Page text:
Can every recursively enumerable language be defined with regular expression?
I came across this question, when studying for my test: Prove that for any finite language $L$, there is a Turing machine $M$ with $L(M) = L$ with time and space complexity $t(n) \leq n+1, s(n) \leq n+2$, respectively ($n$ is the length of the input word).
My proof goes as follows:
We can create a DFA from a regular expression defining the language. Then we read the input symbol by symbol and output YES, if we finished in a final state or NO otherwise.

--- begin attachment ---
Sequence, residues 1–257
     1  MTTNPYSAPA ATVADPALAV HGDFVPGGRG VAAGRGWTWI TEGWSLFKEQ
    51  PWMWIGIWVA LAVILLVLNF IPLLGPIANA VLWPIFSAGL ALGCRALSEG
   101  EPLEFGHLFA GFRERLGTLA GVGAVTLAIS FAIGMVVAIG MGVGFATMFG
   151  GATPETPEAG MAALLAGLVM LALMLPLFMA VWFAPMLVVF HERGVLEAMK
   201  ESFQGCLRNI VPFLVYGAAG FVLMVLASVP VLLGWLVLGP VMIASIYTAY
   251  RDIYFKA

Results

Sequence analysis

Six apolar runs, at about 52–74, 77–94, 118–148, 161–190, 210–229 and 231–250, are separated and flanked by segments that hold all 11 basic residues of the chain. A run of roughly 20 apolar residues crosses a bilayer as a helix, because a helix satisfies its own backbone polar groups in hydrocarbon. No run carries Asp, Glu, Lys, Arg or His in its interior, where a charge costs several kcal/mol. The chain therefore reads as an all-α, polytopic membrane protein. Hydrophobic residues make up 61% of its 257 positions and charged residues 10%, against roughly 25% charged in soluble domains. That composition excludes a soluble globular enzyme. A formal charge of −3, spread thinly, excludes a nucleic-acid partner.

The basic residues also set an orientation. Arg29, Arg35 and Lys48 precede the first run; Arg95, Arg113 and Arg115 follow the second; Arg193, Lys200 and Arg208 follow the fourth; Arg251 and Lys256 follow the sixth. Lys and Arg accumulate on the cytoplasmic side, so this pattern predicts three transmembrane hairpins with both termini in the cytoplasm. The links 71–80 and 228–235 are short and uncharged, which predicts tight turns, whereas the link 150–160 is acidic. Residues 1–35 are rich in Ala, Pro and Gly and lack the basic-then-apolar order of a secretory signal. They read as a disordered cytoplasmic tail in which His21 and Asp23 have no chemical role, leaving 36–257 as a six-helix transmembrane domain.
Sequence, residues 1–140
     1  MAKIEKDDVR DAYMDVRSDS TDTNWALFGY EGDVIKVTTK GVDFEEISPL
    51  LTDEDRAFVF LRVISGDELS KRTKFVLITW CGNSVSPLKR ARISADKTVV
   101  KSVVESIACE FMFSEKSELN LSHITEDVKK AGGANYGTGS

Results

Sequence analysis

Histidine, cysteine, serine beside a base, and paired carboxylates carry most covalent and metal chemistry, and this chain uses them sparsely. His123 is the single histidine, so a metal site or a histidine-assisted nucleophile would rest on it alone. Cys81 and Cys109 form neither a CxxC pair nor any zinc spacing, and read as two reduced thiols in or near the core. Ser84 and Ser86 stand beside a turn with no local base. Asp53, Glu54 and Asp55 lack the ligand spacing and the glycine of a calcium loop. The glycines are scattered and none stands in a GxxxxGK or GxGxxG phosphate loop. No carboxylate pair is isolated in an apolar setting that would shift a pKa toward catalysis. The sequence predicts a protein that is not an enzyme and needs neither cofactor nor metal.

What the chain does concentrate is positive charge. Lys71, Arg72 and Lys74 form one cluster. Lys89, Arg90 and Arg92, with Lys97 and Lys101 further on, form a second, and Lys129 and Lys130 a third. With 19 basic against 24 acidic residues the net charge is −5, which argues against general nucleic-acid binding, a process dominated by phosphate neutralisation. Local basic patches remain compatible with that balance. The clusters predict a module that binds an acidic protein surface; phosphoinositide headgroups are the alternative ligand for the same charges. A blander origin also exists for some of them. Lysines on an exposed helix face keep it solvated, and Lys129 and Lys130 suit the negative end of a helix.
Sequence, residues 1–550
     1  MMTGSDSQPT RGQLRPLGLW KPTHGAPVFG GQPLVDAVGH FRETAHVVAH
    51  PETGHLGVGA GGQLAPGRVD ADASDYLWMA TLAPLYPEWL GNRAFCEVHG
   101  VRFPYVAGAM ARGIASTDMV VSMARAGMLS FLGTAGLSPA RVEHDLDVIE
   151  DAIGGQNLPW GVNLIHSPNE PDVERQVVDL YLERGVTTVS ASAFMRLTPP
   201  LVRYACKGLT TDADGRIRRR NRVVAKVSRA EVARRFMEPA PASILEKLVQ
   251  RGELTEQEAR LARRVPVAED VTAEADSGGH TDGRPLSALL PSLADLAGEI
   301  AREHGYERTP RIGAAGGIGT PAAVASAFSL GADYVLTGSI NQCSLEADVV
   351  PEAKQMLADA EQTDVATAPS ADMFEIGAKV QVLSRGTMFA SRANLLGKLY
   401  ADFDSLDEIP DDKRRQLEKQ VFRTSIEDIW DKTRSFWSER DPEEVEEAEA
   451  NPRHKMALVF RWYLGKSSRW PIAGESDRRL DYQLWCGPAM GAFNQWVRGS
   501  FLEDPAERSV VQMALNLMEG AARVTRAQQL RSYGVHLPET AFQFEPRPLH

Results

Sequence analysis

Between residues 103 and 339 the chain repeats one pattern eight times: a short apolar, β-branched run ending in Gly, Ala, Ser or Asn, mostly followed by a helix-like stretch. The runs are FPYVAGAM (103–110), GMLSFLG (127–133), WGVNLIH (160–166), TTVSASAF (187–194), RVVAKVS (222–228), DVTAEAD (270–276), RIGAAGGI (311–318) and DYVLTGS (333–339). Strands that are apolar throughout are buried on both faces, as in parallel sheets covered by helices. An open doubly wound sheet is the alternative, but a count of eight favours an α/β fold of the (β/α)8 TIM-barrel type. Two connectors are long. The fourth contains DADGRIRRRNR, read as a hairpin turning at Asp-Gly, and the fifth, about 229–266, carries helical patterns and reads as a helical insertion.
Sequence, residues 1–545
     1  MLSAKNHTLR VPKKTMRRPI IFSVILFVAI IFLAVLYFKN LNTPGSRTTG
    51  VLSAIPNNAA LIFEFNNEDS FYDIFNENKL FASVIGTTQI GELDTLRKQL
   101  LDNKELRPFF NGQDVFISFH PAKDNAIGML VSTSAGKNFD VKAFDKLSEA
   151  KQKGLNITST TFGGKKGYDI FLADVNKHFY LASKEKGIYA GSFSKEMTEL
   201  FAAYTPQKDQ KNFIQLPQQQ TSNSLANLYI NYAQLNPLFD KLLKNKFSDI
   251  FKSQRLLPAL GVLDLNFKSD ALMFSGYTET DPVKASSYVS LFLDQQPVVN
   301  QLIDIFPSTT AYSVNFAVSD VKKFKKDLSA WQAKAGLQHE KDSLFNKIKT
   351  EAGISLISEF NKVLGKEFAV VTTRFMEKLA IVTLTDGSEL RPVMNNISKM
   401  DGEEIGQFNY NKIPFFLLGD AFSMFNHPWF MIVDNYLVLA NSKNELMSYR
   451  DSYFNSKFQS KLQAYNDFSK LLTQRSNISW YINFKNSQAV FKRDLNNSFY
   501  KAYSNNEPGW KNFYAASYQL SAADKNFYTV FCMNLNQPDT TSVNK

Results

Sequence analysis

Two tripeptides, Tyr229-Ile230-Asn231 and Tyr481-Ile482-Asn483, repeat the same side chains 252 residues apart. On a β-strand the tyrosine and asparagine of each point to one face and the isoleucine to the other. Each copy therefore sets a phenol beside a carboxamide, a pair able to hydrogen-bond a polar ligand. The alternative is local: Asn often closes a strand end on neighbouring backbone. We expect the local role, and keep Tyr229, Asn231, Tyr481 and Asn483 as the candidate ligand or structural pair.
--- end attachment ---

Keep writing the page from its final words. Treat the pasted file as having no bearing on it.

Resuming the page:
Every DFA can be transformed into a TM where every transition of the DFA corresponds to one transition of the TM. It is obvious that we only need $n+1$ steps to read the input (+1 for the blank in the end) and $s+1$ cells.
However, I am not sure, if I can assume here, that there is a regular expression for every recursively enumerable language. And if not, would my proof be still valid? Can I create a DFA for arbitrary RE language?